Daily Israel Report
More

Zion's Corner Blogs


Left-Wing US Jews Call ’Law of Return’ Racist

A small group of left-wing American Jews is campaigning against the “Law of Return,” calling it racist. Are they inciting anti-Semitism?
By Tzvi Ben Gedalyahu
First Publish: 2/23/2010, 12:44 PM / Last Update: 2/23/2010, 1:02 PM

A small group of left-wing Americans, some of whom call themselves Zionists, have launched a “Breaking the Law of Return” campaign, branding as “racist” the Israeli law that guarantees citizenship to Jews. More than 1,000 American Jews have backed the movement.

American Jewry traditionally had been pro-Israel until peace movements and Israel military efforts to stop Arab terrorism turned a growing number of Diaspora Jews against modern Zionism. One recent effort to maintain close ties with Israelis living abroad is a proposal to allow them to vote in Israeli elections. The idea also raised the suggestion that all Diaspora Jews be allowed to vote for Israel’s leaders.

However, a group of post-Zionist American Jews opposes even having the automatic right to become Israeli citizens by moving to Israel.

"The Law of Return creates an ethnically exclusive citizenship," Dr. Amy Kaplan, an English professor at the University of Pennsylvania and a co-founder of the 'Breaking the Law of Return' campaign, told The Media Line. "Anyone who can claim a Jewish grandparent has this automatic right to 'return' to this land while Palestinians who were dispossessed of that land, in 1948 and 1967 and most recently in East Jerusalem, can't have that same right. We see this as unjust and want to repudiate that right."

She said she grew up in a Zionist family but that the Operation Cast Lead operation against Hamas terrorists “personally implicated [me] in the violence that it perpetrates in my name.” She did not explain her remark.

The Law of Return, passed in 1950, carried out the principle of the re-establishment of Israel as a Jewish State. The American Jews campaigning against it cite their drive as part of a public commitment to boycott Israel as part of the growing global opposition to Israeli policies, although many foreign elements also have called for the abolishment of Israel as a Jewish country.

Critics of the campaign include Israeli leftist leader Uri Avnery, founder of the Gush Shalom movement. He told The Media Line, "At this moment I think it's the wrong tactic and the wrong time. It will only turn Israeli public opinion against the peace movement." He said that the Law of Return is discriminatory against Arabs but that trying to abolish it “will mean nothing [and] send a bad signal and do no good whatsoever."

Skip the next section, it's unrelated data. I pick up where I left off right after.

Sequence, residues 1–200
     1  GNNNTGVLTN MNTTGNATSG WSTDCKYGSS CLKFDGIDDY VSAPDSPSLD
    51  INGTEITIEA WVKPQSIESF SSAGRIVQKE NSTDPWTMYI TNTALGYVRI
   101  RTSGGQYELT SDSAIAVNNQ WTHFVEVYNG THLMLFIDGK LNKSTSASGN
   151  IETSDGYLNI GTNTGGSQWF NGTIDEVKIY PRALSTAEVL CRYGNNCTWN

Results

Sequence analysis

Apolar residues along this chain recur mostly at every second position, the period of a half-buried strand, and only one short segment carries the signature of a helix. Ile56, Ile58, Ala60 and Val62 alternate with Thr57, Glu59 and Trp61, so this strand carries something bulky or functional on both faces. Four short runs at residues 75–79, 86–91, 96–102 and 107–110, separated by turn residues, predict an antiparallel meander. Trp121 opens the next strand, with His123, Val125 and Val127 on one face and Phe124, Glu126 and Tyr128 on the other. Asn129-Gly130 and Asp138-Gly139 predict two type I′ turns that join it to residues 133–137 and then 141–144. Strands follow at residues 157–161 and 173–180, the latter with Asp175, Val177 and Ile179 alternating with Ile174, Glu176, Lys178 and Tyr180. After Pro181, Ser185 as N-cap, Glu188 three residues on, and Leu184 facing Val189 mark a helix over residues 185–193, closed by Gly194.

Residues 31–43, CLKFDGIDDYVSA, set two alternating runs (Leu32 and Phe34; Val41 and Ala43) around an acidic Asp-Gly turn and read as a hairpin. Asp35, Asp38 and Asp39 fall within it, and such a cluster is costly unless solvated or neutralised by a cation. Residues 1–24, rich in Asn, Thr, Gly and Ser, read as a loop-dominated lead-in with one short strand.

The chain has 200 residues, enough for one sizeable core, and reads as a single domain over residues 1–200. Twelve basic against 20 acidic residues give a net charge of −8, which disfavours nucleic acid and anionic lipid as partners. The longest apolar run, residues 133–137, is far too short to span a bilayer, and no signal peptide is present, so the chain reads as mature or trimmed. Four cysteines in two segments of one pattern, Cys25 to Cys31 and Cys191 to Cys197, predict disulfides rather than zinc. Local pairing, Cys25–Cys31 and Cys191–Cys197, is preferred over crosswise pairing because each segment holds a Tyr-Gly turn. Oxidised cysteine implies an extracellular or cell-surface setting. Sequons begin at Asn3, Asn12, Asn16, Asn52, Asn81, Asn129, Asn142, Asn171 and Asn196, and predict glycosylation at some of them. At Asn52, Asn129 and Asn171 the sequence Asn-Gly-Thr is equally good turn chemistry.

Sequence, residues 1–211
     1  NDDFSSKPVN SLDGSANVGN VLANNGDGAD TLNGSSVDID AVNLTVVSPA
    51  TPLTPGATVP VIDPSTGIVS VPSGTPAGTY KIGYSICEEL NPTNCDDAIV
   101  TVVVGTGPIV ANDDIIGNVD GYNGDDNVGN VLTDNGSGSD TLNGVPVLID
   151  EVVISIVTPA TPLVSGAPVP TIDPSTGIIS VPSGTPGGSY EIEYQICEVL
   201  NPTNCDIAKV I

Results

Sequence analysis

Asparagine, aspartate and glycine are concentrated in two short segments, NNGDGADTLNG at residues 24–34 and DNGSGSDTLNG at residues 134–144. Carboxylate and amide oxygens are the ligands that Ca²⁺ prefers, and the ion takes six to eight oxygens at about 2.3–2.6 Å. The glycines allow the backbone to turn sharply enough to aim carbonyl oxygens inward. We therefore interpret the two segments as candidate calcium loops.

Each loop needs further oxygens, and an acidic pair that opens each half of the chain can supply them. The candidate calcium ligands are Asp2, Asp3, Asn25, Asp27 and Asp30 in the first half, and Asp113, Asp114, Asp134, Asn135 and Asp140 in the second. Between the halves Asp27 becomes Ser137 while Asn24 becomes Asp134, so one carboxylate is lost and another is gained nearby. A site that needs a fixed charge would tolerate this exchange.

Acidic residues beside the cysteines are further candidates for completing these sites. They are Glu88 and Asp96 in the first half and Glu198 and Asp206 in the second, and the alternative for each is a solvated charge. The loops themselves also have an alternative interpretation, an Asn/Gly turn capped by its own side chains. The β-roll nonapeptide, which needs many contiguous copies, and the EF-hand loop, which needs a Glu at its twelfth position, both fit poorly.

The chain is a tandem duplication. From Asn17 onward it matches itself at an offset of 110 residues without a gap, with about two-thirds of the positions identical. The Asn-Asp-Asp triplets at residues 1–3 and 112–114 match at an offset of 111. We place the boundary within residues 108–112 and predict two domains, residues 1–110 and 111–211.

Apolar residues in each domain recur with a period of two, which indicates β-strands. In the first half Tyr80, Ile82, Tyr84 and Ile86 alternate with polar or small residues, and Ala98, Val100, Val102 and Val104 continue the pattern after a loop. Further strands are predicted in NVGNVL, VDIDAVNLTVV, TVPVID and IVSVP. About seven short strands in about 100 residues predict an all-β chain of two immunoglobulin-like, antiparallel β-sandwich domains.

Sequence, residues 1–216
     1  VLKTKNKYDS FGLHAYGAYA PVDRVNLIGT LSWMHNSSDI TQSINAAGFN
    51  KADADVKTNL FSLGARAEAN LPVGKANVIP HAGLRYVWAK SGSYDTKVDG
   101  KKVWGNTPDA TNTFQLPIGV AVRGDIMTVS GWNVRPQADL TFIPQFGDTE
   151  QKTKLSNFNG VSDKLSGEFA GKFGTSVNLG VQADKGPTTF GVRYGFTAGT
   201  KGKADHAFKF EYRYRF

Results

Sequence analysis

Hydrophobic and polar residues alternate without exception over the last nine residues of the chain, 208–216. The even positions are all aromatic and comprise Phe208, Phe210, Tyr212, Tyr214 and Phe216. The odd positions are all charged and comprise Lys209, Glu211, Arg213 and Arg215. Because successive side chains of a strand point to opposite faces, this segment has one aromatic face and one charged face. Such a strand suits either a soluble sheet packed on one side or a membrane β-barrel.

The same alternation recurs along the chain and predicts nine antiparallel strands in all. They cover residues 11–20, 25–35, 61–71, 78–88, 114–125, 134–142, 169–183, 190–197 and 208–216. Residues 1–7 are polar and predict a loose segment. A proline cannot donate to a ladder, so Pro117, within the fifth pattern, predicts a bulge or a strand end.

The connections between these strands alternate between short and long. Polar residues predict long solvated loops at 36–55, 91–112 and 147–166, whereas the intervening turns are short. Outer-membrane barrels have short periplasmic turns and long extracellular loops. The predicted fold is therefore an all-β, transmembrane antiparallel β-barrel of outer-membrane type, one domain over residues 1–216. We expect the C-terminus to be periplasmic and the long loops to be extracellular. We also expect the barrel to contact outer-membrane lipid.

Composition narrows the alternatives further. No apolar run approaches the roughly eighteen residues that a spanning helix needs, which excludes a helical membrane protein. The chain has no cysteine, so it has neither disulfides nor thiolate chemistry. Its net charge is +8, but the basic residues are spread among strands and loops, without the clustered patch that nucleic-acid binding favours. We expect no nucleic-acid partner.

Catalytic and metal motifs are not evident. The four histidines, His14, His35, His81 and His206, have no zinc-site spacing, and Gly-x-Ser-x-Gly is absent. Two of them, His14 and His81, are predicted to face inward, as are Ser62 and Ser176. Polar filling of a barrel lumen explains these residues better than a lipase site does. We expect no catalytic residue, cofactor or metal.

Stronger criticism was expressed by Hebrew University political scientist Dr. Moshe Maor, who told the website, "The Jewish radical left has criticized Israel's policies and undermined Israel's overall legitimacy for years. These kinds of campaigns pose a major threat to Israel as they ignite anti-Semitism and anti-Israeli feelings abroad.”

He pointed out post-Zionist claims that the Law of Return is discriminatory because it favors a Jewish State “is not accepted by the Israeli Zionist center… In 1947, the General Assembly of the United Nations adopted a resolution for the establishment of a Jewish State. So, the ticket to enter Israel is given to Jews only, but in Israel itself, there is no legal discrimination whatsoever."

Bar-Ilan University political scientist Dr. Gerald Steinberg (pictured), chairman of that NGO Monitor that exposes anti-Israel bias, told The Media Line that the Breaking the Law of Return campaign eventually seeks to make the existence of the State of Israel illegitimate.

"It's always easy to find a group of Jews on the fringes of society who make some noise and who are embraced by pro-Palestinian organizations," he said. "Their entire purpose is to provide more legitimacy to the Palestinian narrative which is focused on repealing the 1947 U.N. resolution which led to the establishment of the State of Israel.

"If there was a French group that denied the right of the French to live in France and demanded that the French language be replaced by a kind of international culture it would get absolutely no publicity," he added. "But because it's Israel it gets attention."

Several American Jews campaigning against the law admit that it is part of a general move against American aid to Israel. "As a Jewish person I oppose what Israel is doing in my name but I also protest that they are doing it with my tax dollars," American Jewish activist Anna Beltzer said.